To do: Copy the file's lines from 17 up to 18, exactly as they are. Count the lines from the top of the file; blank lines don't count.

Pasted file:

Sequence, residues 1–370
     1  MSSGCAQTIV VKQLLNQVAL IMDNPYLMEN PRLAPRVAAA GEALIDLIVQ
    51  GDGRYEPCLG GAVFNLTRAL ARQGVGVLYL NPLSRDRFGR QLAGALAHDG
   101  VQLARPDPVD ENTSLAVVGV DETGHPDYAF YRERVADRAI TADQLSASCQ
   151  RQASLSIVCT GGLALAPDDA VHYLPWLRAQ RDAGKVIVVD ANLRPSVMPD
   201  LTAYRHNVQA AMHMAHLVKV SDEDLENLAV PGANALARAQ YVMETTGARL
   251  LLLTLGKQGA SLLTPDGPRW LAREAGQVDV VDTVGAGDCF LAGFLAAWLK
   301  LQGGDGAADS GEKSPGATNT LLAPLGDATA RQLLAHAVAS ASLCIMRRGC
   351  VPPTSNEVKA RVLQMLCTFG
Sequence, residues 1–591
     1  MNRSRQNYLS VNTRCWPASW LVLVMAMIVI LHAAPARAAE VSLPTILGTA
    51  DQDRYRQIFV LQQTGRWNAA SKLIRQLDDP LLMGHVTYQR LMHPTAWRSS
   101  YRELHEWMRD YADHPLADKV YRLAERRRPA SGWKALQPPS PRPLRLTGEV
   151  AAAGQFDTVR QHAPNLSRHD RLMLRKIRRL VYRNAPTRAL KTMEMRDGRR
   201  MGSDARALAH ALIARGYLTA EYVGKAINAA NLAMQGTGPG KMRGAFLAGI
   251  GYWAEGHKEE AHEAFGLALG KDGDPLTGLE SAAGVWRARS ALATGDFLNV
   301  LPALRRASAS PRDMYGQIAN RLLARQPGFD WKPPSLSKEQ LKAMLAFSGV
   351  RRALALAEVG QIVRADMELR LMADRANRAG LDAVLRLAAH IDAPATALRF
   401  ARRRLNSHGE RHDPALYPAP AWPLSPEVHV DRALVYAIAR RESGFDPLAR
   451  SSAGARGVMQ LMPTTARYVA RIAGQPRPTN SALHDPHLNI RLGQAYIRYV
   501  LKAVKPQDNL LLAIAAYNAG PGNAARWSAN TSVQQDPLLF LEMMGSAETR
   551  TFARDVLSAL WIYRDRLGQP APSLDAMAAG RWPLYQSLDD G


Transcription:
   301  LPALRRASAS PRDMYGQIAN RLLARQPGFD WKPPSLSKEQ LKAMLAFSGV
   351  RRALALAEVG QIVRADMELR LMADRANRAG LDAVLRLAAH IDAPATALRF